Robin - Bethel, North Carolina
Entered on December 16, 2007
Age Group: 18 - 30
  • Podcasts

    Sign up for our free, weekly podcast of featured essays. You can download recent episodes individually, or subscribe to automatically receive each podcast. Learn more.

  • FAQ

    Frequently asked questions about the This I Believe project, educational opportunities and more...

  • Top Essays USB Drive

    This USB drive contains 100 of the top This I Believe audio broadcasts of the last ten years, plus some favorites from Edward R. Murrow's radio series of the 1950s. It's perfect for personal or classroom use! Click here to learn more.

I am Robin…

I am Liberian…

I am down to earth &

I am also learning how to be confident within my own skin…

Since I could remember, I’ve always allowed others opinions define me as an individual. “Robin that’s what’s wrong with you…” This is the most common statement I hear. Defensively, I always respond: “What’s wrong with me?” Like always, a list of negative comments come spitting my way. I believe in defining oneself and being confident within your own skin.

All throughout high school and even now I have had problems with my weight. Others would make comments like “Robin your getting thick around the hips “or “You’ve gained a couple of pounds haven’t you.” The comments got so bad that I went through a period of trying to starve myself. Obviously, that didn’t last long! I like food too much! However, no matter what the scale may have read I was the same person-I was still Robin. Yet, my weight was just the beginning of my struggles.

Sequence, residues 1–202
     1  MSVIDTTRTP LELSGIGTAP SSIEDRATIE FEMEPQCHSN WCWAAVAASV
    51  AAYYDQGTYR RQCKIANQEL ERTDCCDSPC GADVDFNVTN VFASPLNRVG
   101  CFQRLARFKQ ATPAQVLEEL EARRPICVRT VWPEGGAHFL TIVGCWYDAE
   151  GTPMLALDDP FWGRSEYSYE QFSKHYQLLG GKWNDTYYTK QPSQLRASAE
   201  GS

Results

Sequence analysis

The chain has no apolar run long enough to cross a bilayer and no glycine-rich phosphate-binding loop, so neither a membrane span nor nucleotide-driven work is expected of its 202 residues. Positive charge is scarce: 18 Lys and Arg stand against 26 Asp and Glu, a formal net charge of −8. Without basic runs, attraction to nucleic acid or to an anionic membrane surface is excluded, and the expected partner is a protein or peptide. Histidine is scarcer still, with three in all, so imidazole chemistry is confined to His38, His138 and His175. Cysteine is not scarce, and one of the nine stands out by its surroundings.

I was never insecure about my skin complexion until I moved down south. The African-American’s in the South are racist within their own race. It seems like no African-American individual wants to appear darker in complexion. Being a darker complexion puts you in a category of its own; in a way it sets you apart.

Since my first day of school in North Carolina, I was picked on for being darker than some of the other African-American kids in my class. My peers came up with so many hurtful things to call me. Tar baby was their favorite. I remember one day, I was sitting at my desk, when some of my classmates started insulting me with their hurtful comments. Out of frustration, I just SPAZZED! I had a pair of scissors in my hand and unconsciously I threw them. The scissors barely missed one of my classmates and obviously I got in trouble for it. However, it was worth it. From that day on, most of my classmates were scared to say anything to me or about me.

I went through a phase when I questioned God for creating me this way. I tried bleaching my face and arms but that didn’t work. I would use a half a bottle of Coco Butter on my face and pray to God at night that I would wake up a shade lighter. In the morning I was still the same chocolate coated girl. This went on for some time until my Mom talked some sense into me. I will never forget her telling me that God made NO MISTAKES when he created me. He meant for me to be the way I am. I’ve come to realize that my skin complexion or physical appearance does not define me, Robin B–, as a person. However, my personality, beliefs, values, and attitude defines me as the unique individual that I am.